Specimen of the Week: Week Ninety-Five
By Emma-Louise Nicholls, on 5 August 2013
Five blogs away from the big 1-0-0! In the run up to the 100th blog I am going to bring to you the top ten specimens at the Grant Museum, as voted for by…. me. I have employed strict criteria with which to segregate the top ten from the other 67,990 specimens that we have in our care…
1) It must not be on permanent display, giving you a little behind-the-scenes magic, if you will, as the specimen will then go on display for the week of which it has been named ‘Specimen’. Oh yes. That’s almost as good as our exhibition It Came From The Stores. Almost.
2) It must have at some point in the past made me say ‘woooo’ out loud (given my childlike disposition for expressing wonderment at the world at large, this is not necessarily a hard qualification for the specimen to achieve)
3) I must know (at least in a vague sort of a way) what species the specimen is, as SotW is researched and written within a strict one hour time frame.
With that in mind, at Number Six, this week’s Specimen of the Week is…
**The helmeted hornbill’s helmet**
1) The name ‘helmeted hornbill’ conjures cartoon an image of a bird with a motorbike helmet that doesn’t quite fit the reality. It is however, one cool cookie of a bird. The helmet part of the name refers to the large protuberance that sits upon its already stupendous bill. Which is in fact, the specimen. The ‘helmet’ is technically known as a casque and, whist other casque-adorned hornbill species opted for lightweight models, the helmeted hornbill’s casque is solid. The other end of the bird is also spectacular, they have extremely long tail feathers which in many individuals are longer than the entire body.
2) A less attractive (depending on what you like) area of the bird is the neck which in both boys and girls is naked, wrinkly looking leathery skin. The skin is red in males and a variation of turquoise to dark red in females, depending on the age of the individual. The helmeted hornbill is the largest species of hornbill within the whole of Asia. Its range spans from Myanmar and Thailand, south through Malaysia to the islands of Sumatra and Borneo. Unfortunately it is thought to have been driven to extinction in Singapore in the 1950s due to habitat loss.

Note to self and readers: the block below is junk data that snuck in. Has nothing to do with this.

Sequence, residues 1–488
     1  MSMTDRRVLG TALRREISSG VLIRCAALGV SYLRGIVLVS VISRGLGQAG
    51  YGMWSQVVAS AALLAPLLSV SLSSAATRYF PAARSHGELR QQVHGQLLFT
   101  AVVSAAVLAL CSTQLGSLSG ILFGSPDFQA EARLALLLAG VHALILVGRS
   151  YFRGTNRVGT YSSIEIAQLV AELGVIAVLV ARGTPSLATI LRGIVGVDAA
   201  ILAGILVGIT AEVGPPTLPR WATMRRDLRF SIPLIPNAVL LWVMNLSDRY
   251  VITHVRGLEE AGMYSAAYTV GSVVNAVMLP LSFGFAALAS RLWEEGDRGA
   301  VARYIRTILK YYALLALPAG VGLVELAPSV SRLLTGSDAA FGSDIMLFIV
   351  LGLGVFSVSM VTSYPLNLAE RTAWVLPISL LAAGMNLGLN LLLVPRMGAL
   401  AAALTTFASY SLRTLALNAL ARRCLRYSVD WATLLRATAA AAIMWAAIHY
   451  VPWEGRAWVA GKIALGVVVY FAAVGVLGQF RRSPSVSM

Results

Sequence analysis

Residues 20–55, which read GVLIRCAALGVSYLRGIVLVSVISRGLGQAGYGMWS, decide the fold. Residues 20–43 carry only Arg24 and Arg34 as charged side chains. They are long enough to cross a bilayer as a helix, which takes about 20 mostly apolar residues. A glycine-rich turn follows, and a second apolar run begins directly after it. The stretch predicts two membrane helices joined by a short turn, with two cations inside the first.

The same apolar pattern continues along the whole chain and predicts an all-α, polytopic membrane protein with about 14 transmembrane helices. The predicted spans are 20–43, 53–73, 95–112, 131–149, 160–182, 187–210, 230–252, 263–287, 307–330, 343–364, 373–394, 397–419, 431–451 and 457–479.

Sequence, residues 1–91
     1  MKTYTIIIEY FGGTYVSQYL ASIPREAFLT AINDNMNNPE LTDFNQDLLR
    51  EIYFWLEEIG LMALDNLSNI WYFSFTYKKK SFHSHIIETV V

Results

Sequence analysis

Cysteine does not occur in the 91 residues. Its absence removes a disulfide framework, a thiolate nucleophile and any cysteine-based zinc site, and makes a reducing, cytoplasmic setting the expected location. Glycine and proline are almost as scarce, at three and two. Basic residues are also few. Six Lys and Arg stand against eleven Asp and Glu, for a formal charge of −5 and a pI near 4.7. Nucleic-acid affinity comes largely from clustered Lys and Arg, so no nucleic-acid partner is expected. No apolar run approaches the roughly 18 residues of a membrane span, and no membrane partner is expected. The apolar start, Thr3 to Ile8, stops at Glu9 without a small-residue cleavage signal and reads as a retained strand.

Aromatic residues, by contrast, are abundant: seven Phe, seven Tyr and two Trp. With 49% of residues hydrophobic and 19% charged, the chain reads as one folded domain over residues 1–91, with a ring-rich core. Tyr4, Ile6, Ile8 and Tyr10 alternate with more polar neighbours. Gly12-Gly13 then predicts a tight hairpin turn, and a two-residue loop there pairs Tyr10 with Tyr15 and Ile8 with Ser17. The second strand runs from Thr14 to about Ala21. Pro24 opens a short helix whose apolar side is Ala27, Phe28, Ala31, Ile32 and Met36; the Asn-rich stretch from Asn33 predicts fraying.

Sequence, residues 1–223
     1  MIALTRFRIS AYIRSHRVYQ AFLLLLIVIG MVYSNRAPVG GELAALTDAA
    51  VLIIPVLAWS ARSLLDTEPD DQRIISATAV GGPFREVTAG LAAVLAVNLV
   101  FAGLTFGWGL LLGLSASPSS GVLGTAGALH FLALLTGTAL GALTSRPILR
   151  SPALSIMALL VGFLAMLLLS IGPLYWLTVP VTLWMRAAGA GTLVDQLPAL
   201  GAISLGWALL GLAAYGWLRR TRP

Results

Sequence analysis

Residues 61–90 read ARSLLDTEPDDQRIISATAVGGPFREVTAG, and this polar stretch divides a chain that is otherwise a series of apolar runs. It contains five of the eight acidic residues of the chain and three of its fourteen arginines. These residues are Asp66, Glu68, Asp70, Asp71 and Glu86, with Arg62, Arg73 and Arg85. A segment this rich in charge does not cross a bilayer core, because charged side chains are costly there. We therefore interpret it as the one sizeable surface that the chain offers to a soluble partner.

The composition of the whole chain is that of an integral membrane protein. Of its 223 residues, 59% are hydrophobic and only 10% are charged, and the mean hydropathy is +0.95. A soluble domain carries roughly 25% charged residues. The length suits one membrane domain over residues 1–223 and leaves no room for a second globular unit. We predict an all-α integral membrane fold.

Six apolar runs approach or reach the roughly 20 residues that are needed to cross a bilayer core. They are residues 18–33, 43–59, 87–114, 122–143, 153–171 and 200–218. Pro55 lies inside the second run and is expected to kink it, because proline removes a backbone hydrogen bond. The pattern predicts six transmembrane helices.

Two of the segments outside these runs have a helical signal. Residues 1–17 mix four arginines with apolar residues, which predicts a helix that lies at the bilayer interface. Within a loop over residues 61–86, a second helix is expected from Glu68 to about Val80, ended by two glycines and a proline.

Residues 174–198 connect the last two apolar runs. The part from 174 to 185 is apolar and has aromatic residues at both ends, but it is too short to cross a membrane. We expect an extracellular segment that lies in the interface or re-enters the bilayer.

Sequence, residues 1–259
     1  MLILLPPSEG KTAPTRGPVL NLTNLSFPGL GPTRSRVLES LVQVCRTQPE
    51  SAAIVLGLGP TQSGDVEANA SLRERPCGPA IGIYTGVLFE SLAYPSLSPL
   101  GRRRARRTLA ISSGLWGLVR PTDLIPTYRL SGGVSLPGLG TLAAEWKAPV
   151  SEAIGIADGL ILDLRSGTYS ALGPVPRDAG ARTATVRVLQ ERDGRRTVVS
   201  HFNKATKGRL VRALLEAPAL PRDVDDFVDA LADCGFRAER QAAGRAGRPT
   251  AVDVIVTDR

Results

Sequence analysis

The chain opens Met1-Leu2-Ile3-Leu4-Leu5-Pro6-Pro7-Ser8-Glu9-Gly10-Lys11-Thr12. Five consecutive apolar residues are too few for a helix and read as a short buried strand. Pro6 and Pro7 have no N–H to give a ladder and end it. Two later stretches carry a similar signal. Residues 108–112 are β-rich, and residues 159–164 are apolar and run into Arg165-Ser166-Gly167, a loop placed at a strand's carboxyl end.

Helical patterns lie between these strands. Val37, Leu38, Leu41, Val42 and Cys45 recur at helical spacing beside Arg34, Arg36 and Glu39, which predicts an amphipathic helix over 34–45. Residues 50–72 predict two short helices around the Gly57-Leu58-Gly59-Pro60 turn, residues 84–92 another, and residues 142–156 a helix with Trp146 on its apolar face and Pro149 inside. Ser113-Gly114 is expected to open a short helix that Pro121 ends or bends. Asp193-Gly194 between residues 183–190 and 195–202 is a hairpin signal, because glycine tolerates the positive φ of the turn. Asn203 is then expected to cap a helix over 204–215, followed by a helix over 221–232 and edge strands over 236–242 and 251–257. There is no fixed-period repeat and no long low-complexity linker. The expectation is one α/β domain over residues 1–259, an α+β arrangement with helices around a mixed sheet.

3) The helmeted hornbill has a call less bird-of-paradise, and more cranky-out-all-night-drinking-woken-up-early-by-the-kids-got-a-massive-hangover. It can be described as a number of ‘took ’noises followed by… well… maniacal laughter. The call, should you hear it, is unique to this species. Whilst small groups of non-breeding helmeted hornbills may be seen foraging together, breeding pairs are much more territorial.
4) Other than hard fought for figs, the helmeted hornbill will also snack on small mammals, snakes, and even, if they fancy it, smaller hornbills. Adult males have been observed having incredible aerobatic feuds in mid-air in which they will physically slam into each other, their clashing casques producing a loud ‘clack’. One of the two is normally flung backward by the force but manages to right itself in flight. You’d think this fighting would take place over a lady given that ‘boys will be boys’, but scientists believe it is actually over food as they tend to occur near fruiting fig trees. Well they do say the way to a man’s heart is through his stomach. Like a pseudo-bat-bird, the helmeted hornbill is sometimes seen hanging upside-down high in the forest canopy digging beneath the tree bark with its beak, foraging for food.
5) As with all other species of hornbill, the helmeted hornbill is noted for its less than normal nesting habits. The courting pair will choose a hollow tree in which they make a nest. Once the female has laid the eggs, the male seals her in with mud. The only contact she has with the outside world is through a small hole left in the mud, through which the male passes her regurgitated food. Once the eggs have hatched, the female escapes from her prison but then reseals it behind her until the baby hornbills have fledged. WEIRD.
Emma-Louise Nicholls is the Museum Assistant at the Grant Museum of Zoology